The remainder of the article included detailed listings of Hidden Mickeys in Spaceship Earth, Horizons, World of Motion, Backstage Magic, The Land, Harvest Theater (the film Symbiosis), Norway and Wonders of Life (including a photo of the Body Wars mural with the infamous and unfortunately long gone “broccoli” Mickey).”
At the end of the article, the editor wrote: “Eyes and Ears contacted Marty Sklar, president of Walt Disney Imagineering, for comment on Arlen and Rob’s discoveries. ‘This is just one more reward for the true Disney fan—discovering these hidden details,’ Marty said. ‘It’s also part of the magic of creating the fun—you’ve got to have fun doing it, too.’”
“When they [Eyes and Ears] got our article,” Miller told me, “the editor had never heard of this before, so [they] phoned Imagineering to confirm it. By chance, they got connected directly to Marty Sklar. They read him the article over the phone and he acknowledged each of the examples we mentioned in the article. Finally, he asked how we knew about this stuff since it was supposed to be an Imagineering secret. I never gave up the names of my sources. I don’t know what Marty might have done to them.”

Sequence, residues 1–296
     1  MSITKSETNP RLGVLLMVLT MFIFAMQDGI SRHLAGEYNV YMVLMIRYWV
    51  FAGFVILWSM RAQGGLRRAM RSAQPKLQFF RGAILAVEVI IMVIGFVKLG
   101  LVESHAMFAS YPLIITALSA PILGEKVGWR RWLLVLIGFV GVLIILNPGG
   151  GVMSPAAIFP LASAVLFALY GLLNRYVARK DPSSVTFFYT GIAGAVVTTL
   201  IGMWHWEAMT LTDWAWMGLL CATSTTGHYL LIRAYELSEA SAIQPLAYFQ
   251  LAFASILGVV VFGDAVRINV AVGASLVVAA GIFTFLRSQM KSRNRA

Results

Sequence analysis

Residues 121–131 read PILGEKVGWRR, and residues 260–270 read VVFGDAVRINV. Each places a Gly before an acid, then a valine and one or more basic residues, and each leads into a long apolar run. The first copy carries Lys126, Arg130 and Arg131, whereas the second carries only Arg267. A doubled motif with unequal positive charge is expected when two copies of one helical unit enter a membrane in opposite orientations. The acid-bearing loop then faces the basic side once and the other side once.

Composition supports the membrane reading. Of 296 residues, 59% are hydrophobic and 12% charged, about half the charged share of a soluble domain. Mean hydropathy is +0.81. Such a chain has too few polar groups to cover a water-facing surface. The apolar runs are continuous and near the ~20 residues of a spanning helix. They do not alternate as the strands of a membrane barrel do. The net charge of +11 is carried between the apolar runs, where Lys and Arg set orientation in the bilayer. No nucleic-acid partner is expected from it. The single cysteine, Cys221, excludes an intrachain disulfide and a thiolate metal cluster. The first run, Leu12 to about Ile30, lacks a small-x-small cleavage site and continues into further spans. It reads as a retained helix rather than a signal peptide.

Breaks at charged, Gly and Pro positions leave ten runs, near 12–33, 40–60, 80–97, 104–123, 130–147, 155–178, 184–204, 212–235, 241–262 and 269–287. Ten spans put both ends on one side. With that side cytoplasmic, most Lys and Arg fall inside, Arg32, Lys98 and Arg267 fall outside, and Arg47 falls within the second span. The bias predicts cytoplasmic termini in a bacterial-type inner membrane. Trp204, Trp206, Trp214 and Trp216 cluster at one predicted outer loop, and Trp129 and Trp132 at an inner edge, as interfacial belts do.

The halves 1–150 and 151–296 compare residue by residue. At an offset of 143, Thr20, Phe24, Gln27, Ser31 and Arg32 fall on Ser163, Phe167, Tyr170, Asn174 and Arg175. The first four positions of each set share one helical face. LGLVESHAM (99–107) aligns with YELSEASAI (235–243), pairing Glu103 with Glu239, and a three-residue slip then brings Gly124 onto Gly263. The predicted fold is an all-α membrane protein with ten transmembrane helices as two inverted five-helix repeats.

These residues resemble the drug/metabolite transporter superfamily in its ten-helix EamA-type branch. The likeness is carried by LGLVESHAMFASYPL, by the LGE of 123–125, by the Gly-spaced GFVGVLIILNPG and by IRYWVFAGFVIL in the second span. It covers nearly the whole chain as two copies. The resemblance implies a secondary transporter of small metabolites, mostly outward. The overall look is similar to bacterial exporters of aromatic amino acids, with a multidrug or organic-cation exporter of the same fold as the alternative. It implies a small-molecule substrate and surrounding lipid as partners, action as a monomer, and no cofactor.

So the cat was out of the bag, at least for Walt Disney World cast members who would—from that point—start sharing some of these discoveries with park guests. The Epcot Outreach and Teacher Center in Communicore had several data lists that they would hand out, including an ever-changing and incomplete one of Hidden Mickeys. As Hidden Mickey hunters are well aware, not only are new Mickeys created but old Mickeys disappear, especially when an attraction is changed.
When the Epcot Outreach and Teacher Center closed, that list was taken over by Epcot Guest Relations, although it was clearly stated to guests that there was no “official list” approved by Imagineering. It was also stated at that time that even Imagineering had no idea how many deliberate Hidden Mickeys were out there in the parks since they never kept track.